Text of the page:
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DSCF0032Curtailed water use and conservation are common topics of conversation in areas with water supplies limitations.  As drought conditions worsen, the need for action increases, so when creating a regulatory framework, or when trying to measure water use efficiency, water supply managers often look for easily applied metrics to determine where water use can be curtailed.  Unfortunately, the one-size-fits-all mentality comes with a potential price of failing to fully grasp the consequences decision-making based on such metrics.

One of the issues that water supply regulator like to use is per capita water use.  Per capital water use is often used to show where there is “wasted” water use, such as excessive irrigation.  However such a metric may not be truly applicable depending on other economic factors, and may even penalize successful communities with diverse economic bases.  A heavy industrial area or dense downtown commercial center may add to apparent per capita use, but is actually the result of vibrant economic activity. Large employment centers tend to have higher per capital use than their neighbors as a result of attracting employees to downtown, which are not included in the population.

In south Florida, a recent project I was involved with with one of my students showed that while there was significant variability among utilities, but the general trend of increased economic activity was related to increased per capita use.  Among the significant actors were health care, retail trade, food service and scientific and technical services.  It appears to be these sectors that drive water use upward.  As a result when evaluating the efficiency of a utility, an analysis should be conducted on the economic sectors to insure that water regulations do not stifle economic growth and jobs in a community.   And conversely if you do not have these sectors, you water use should be lower.  Something to think about when projecting or regulating water use.  Limited water use may in fact be limiting economic activity in the area. Of course if you are water limited, limited new withdrawals may be perfectly acceptable if you want to encourage other options, like direct or indirect potable reuse, irrigation, etc.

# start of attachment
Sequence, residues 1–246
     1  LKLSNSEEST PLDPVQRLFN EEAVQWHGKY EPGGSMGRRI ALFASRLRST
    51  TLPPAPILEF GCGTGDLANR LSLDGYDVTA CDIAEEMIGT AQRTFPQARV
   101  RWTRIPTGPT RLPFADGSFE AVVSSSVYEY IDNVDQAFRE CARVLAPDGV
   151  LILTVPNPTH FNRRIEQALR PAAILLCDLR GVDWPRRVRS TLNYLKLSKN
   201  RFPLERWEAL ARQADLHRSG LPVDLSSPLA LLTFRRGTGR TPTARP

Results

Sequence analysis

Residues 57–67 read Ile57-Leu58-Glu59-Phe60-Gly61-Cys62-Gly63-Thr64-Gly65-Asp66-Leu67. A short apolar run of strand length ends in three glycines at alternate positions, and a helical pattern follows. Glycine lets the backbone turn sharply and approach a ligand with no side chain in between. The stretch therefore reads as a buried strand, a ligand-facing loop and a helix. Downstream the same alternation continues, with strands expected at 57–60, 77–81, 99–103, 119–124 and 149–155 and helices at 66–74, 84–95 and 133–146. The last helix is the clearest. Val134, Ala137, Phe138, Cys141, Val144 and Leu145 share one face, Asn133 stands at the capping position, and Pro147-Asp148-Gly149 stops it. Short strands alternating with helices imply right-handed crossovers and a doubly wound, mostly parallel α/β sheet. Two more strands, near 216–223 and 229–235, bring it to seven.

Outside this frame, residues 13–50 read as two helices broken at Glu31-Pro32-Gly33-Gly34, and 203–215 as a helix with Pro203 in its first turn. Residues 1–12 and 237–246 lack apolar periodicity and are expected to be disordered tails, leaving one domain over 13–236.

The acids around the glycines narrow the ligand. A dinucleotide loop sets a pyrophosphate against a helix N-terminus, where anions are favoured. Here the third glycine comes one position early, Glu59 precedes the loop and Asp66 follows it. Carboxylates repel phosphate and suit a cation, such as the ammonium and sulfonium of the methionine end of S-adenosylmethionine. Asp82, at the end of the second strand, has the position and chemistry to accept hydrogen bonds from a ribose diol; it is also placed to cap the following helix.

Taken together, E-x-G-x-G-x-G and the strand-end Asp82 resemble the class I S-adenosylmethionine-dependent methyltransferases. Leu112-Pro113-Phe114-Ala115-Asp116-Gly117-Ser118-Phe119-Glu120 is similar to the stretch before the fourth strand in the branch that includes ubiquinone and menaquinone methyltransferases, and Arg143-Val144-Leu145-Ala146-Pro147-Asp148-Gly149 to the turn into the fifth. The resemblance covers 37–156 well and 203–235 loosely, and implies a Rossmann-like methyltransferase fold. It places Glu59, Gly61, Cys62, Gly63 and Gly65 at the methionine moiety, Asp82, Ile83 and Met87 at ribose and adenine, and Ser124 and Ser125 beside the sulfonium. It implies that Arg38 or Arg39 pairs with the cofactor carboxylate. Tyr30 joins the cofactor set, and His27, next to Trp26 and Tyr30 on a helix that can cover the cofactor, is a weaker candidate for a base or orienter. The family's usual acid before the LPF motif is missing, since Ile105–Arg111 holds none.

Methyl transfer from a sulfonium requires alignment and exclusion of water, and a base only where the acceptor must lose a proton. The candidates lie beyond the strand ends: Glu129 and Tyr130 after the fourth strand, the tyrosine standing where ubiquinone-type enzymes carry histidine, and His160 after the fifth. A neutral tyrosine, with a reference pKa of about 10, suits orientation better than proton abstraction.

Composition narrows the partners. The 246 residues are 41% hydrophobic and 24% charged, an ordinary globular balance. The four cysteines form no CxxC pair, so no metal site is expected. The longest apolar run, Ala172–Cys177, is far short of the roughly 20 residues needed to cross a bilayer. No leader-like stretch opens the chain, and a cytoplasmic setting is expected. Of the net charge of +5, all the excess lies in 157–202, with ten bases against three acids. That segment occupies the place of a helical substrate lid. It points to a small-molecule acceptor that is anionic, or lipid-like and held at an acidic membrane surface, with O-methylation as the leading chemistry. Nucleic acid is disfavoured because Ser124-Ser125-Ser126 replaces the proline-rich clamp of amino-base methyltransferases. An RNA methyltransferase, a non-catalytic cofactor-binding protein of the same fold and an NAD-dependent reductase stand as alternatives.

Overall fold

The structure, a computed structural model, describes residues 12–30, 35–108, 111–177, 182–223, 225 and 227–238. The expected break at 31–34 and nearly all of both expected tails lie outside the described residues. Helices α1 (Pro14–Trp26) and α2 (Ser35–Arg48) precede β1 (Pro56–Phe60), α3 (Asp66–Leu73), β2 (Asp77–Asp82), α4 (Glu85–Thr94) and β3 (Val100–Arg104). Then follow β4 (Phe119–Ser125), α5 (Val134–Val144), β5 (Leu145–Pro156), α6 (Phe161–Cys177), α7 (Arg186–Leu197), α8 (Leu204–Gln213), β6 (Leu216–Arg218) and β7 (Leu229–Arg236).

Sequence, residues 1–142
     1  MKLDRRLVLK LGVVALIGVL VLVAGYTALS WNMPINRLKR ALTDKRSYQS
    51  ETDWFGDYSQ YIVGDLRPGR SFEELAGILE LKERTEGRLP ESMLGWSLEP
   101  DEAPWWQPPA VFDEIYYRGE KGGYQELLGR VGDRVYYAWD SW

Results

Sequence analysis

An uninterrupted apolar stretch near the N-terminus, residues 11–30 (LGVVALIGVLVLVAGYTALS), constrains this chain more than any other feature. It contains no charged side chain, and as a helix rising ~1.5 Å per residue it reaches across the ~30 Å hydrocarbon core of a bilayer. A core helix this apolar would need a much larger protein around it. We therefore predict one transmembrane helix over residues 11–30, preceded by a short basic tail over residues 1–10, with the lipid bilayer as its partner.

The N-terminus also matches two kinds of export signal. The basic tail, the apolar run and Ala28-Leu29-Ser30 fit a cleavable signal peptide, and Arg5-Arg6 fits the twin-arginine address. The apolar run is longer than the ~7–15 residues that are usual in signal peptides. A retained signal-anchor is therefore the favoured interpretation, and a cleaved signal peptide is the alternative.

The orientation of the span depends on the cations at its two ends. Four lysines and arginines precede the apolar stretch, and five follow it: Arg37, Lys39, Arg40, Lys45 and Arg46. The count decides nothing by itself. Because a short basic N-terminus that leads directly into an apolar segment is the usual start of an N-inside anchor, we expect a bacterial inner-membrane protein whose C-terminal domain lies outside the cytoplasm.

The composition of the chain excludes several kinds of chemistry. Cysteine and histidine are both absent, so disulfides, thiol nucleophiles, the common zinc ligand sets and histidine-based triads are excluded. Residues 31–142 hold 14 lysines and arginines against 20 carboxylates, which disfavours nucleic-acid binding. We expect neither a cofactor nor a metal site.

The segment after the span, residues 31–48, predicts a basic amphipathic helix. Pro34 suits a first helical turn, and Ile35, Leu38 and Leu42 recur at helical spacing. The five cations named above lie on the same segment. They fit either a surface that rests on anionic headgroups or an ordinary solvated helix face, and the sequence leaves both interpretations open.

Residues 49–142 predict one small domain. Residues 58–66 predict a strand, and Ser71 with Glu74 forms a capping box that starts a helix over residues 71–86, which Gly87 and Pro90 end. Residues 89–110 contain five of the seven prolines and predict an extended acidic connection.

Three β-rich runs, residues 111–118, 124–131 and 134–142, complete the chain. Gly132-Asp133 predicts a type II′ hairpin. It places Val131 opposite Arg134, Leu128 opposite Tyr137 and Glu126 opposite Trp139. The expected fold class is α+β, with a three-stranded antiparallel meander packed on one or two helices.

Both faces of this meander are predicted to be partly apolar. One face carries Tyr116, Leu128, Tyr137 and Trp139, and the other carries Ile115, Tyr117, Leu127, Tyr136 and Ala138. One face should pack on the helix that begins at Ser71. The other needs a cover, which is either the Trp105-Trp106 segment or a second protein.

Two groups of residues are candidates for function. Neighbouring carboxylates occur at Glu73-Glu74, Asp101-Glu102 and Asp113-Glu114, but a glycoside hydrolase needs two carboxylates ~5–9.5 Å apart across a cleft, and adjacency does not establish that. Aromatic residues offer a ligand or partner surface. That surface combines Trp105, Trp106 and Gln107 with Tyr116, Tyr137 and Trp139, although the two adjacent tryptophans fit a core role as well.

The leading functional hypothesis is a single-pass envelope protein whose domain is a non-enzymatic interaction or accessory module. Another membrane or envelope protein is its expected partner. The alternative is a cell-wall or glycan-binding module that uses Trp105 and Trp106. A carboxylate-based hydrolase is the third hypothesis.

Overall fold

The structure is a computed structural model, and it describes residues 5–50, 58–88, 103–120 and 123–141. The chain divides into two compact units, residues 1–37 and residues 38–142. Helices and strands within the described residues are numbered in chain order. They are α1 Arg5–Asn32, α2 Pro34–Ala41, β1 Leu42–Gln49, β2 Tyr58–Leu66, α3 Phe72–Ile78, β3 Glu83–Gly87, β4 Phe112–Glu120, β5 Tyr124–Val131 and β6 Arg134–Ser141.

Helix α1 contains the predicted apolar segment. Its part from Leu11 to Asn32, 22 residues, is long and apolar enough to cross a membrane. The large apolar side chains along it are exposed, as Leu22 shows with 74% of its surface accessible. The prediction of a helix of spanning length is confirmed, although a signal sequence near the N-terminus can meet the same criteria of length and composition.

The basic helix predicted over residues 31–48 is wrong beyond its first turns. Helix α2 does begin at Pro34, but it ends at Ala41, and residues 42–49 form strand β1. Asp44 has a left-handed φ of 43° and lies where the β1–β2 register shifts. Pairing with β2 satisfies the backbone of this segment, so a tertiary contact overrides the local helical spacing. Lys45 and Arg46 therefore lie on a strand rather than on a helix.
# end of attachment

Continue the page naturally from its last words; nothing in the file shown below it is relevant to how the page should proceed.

It would be interesting to expand this study across the country to see what the national trends look like and how different tourism oriented South Florida might actually be.

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Sequestration is the word we are all using to explain the failure of the Congress to put together a budget with appropriate revenues and expenditures.  Congress can’t figure out how to reach a budget agreement, so the federal government set itself up for mandatory cuts in services. I had a recent grant sequestered, then cancelled.  It really could have helped a local community with long-term water supply and quality problems identify adaptation and mitigation strategies fo rites future.  Minor money for Washington, but a big deal down here.  Likewise I have spent the last 6 months on a subcommittee for USGS that is focusing on what could be cut from USGS.  That means less testing water quality, water levels in groundwater, stream gauges and less evaluation of results.  Most of the water issues USGS looks at crosses local and even state lines.  Since we all rely on water, this is at national concern.  Precisely when we need the information most, we may be getting less.  Expect to start seeing more sequestration issues. 

 

 

The problem is that the biggest expenses, social security and debt, cannot be cut without major backlash in the financial and voter markets.  So the cuts come from the smaller accounts – things like the federal share of state revolving funds, water research and water/wastewater programs.  The community and tribal assistance account was slashed $210 million while the environmental program budget was cut $135 million. While some may be cheering EPA cutbacks, the reality for water and wastewater users is less federal assistance to our industry.  That means more of the onus is on us, and on our customers.  The  unintended consequences of the failure of Congress to act….

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